German Green Card Gets Mixed Response

BERLIN (08/02/2000) - Germany's eagerly awaited "Green Card" visa scheme, intended to attract foreign computer experts to the country, has yet to draw massive interest.

The program, which took effect Tuesday, will grant 10,000 to 20,000 working visas for up to five years. It's meant to help meet Germany's shortage of skilled IT workers -- estimated at 75,000, according to the industry association BITKOM. BITKOM (Bundesverband Informationswirtschaft, Telekommunikation und neue Medien) is Germany's information technology, telecommunications and new media trade association.

Some 19,000 people have responded to a Web site advertising the visas since April, said spokeswoman Ingrid Kortmeyer-Pohl of the Federal employment office (Bundesanstalt für Arbeit) in Nuremberg, which is administering the program.

"But those are only no-obligation inquiries," she said. "It could just be someone e-mailing to say, 'What is a Green Card?'" As of early this week, she added, 5,500 potential applicants had added their names to an online database for employers and job-seekers.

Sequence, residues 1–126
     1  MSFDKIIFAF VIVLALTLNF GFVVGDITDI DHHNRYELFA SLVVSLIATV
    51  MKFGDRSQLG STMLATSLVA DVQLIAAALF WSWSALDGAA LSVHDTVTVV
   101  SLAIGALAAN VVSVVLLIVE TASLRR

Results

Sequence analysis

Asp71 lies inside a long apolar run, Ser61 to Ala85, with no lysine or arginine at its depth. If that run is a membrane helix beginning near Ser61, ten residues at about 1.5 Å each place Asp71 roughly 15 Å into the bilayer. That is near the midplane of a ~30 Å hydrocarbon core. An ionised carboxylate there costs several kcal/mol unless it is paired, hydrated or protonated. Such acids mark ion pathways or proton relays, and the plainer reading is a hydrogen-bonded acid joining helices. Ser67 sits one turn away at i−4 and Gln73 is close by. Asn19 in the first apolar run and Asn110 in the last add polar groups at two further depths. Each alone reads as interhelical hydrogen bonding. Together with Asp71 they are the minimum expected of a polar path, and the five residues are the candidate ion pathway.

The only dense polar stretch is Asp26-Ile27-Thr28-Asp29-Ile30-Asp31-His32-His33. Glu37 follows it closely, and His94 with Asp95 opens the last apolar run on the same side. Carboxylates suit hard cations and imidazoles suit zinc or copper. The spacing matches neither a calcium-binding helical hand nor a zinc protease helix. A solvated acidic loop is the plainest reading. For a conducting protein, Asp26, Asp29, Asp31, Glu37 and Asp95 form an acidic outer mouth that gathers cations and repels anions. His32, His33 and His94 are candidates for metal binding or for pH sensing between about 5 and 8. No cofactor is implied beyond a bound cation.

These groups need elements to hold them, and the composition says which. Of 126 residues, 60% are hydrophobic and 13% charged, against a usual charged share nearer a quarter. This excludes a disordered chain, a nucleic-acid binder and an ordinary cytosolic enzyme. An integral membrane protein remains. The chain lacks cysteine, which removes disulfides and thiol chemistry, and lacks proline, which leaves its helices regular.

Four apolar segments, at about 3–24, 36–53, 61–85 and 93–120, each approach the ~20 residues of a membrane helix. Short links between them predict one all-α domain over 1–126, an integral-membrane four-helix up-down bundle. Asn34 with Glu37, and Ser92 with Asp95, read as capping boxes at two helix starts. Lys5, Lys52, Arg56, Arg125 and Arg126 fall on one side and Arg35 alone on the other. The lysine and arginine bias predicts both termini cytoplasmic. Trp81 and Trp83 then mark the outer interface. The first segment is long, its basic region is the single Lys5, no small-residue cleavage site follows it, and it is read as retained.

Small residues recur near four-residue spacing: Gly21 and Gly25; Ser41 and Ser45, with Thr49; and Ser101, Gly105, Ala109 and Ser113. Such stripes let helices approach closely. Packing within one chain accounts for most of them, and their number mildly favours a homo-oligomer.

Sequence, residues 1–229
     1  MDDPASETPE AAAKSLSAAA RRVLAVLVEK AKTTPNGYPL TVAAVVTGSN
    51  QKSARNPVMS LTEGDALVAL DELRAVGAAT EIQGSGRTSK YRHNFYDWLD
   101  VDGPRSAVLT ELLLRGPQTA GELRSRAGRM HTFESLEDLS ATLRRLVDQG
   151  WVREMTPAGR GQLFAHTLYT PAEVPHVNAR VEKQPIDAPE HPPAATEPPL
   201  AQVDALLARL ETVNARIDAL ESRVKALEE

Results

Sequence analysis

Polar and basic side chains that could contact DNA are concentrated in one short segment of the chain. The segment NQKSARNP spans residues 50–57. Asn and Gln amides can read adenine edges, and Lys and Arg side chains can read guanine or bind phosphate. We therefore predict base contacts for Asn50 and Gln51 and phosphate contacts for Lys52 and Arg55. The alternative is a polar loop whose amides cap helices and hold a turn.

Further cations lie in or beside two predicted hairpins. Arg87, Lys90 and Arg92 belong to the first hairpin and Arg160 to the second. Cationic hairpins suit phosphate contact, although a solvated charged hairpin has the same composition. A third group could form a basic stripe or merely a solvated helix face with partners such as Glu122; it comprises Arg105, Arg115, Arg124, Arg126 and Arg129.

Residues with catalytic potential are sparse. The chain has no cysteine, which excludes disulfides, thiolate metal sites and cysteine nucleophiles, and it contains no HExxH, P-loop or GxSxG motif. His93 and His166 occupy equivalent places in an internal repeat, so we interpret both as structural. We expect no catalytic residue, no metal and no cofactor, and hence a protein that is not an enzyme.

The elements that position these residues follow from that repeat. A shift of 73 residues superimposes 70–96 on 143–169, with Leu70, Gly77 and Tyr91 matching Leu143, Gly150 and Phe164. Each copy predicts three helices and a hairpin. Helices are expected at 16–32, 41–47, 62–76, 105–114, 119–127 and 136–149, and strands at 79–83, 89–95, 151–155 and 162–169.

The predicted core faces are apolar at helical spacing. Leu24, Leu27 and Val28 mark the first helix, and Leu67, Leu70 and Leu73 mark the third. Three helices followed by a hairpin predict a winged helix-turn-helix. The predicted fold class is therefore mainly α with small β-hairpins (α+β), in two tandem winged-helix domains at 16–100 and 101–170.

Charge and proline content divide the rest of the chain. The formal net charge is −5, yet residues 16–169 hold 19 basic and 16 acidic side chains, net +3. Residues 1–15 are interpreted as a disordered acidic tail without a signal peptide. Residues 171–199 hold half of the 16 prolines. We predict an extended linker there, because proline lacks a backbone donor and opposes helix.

The largest number of information-seekers, 3,253, came from India, said Kortmeyer-Pohl, followed by Pakistan (2,615), Algeria (1,605), Romania (1,922), Bulgaria (870) and Russia (795). Indonesian computer expert Harianto Wijaya, age 25, was the first applicant to receive a Green Card, she added. A graduate of a technical institute in Aachen, he has been hired by a mobile communications company in that city.

A few employers have moved quickly to take advantage of the Green Card.

Electronics giant Siemens AG hired two Tunisian IT experts Tuesday, said spokeswoman Sabine Metzner. "It's one program that helps, but it certainly doesn't solve all (our) problems," she said.

Some potential applicants are reluctant to come to Germany, because under the Green Card program they have to leave after a maximum of five years. "It's a problem, and it's a difference to the American Green Card, because it's not limited in the U.S., and in Germany we have these limitations," said BITKOM spokesman Werner Senger. "This was made by government, in the political room, but not by the industry. We said it will hinder this program."

Senger added that it's still too soon to make any final judgments about the success of the program. "It will take at least two weeks" for applications to wind their way through the bureaucracy, he said, "Maybe on average four weeks, or in the extreme six weeks, so it's a little bit too early to ask for the first experience."

The Bundesanstalt für Arbeit can be reached at +49-911-179-0 or online at

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